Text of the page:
The novel, narrated different stories of Caribbean ways of life, particularly in relation to the group’s attempt to create their self-identity on foreign lands. African-Caribbean cultural identity is demonstrated in the novel as an overall individual identity as well as attributed as a feature of the community.
Moreover, African-Caribbean cultural identity, as illustrated in the novel, emphasized the commonalities among Afro-Caribbean people over time and across space. As shown by the different characters in the novels, identities have changed during periods of adjustment. For the individual, the repercussions are also reflective. There have been arrays of themes explored in the novel such as code switching and the importance of expressiveness, as well as other qualities of identity management. These can be viewed as components of the enduring and dynamic nature of identity as Afro-Caribbean preserve a sense of self while adapting to challenging situational difficulties. Furthermore, it can be assumed from the content of the novel that cultural identity will be more or less significant for individuals, particularly with respect to the Afro-Caribbean childrens’ worldview, and in specific circumstances. Hence, an Afro-Caribbean may be distressed by behaviour that pressures cultural identity in a position in which this identity is not specifically prominent.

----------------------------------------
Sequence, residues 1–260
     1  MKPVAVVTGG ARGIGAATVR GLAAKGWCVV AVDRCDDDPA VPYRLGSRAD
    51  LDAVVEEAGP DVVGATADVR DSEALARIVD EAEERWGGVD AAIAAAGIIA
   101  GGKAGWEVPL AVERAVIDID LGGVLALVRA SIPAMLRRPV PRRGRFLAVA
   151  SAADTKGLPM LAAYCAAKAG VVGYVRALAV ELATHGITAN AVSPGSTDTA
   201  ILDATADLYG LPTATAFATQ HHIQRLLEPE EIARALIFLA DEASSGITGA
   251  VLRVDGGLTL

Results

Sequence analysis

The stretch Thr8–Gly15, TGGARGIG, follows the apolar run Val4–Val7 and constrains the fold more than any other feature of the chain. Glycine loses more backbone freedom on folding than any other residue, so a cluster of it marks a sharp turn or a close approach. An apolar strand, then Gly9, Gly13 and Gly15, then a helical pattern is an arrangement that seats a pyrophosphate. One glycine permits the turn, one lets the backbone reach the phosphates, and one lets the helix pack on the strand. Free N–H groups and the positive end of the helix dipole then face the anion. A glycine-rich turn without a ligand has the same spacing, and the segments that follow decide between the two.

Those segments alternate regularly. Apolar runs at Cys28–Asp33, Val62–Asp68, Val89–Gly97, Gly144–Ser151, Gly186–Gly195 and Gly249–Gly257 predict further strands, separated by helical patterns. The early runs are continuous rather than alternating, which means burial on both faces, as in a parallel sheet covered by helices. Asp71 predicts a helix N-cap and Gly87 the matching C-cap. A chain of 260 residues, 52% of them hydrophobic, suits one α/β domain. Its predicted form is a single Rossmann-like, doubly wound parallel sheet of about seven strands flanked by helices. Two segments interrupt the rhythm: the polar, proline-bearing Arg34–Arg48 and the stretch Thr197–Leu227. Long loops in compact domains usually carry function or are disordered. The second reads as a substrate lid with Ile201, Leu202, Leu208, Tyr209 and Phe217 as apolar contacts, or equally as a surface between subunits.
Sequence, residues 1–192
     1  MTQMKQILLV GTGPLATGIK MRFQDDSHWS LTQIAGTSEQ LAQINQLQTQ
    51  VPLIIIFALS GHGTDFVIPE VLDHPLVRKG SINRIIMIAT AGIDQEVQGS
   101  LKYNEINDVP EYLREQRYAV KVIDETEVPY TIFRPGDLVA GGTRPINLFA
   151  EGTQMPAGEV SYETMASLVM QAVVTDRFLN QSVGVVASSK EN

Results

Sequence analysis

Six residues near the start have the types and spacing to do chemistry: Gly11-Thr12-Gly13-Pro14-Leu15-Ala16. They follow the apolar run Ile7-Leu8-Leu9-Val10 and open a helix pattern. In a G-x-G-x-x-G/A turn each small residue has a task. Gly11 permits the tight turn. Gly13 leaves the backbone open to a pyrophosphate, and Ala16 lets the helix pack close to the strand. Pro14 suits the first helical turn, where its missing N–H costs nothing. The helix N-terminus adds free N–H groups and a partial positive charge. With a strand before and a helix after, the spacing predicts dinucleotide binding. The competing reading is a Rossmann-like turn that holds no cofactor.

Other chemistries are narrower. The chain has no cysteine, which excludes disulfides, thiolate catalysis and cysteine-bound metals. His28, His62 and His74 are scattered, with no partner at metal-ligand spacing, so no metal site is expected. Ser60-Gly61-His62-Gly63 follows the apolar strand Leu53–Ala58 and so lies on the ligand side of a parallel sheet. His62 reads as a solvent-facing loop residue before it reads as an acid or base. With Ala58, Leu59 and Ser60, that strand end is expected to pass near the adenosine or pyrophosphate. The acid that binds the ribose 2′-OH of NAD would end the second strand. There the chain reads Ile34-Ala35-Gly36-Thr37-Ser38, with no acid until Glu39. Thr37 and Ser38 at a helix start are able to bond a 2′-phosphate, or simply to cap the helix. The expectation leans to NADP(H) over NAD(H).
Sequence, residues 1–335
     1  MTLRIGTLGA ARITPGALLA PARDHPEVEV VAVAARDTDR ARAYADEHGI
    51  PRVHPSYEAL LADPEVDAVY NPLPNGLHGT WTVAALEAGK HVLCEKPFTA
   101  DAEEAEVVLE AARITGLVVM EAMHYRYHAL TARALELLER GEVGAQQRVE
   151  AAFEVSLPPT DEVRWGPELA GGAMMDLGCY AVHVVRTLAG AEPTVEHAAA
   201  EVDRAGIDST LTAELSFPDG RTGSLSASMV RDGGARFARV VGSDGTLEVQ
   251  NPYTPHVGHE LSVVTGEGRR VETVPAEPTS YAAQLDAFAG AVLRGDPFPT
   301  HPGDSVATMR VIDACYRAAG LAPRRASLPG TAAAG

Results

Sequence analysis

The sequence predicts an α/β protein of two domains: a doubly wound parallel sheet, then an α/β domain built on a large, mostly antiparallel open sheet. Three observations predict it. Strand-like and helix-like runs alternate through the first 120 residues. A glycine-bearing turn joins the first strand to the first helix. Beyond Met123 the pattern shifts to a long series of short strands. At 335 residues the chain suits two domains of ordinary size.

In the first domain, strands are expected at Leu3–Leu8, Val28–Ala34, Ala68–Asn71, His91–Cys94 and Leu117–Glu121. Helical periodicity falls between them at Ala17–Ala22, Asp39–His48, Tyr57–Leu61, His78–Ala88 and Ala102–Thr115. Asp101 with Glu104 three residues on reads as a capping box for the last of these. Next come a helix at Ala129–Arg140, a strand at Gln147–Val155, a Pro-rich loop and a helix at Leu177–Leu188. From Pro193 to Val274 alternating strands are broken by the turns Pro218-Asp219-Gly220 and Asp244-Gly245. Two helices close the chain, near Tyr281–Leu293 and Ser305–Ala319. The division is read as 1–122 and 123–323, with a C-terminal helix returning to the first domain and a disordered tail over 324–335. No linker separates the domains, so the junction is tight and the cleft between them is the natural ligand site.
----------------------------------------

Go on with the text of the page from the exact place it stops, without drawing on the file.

To sum it up, the novel placed stress on these particular themes in the outlook of the Afro-Caribbean children: Afro-Caribbean children and youth, education, parenting styles, Afro-Caribbean comradeship, dating, and marital bonds Furthermore, one of the most exploited themes in Olive Senior’s novels is “gardening” as a symbol of the need for identity distinctions and dynamic communications, positioning the garden as a representation of an ambivalent past, breathing space of colonial segregation and postcolonial heredity.
Race, gender and social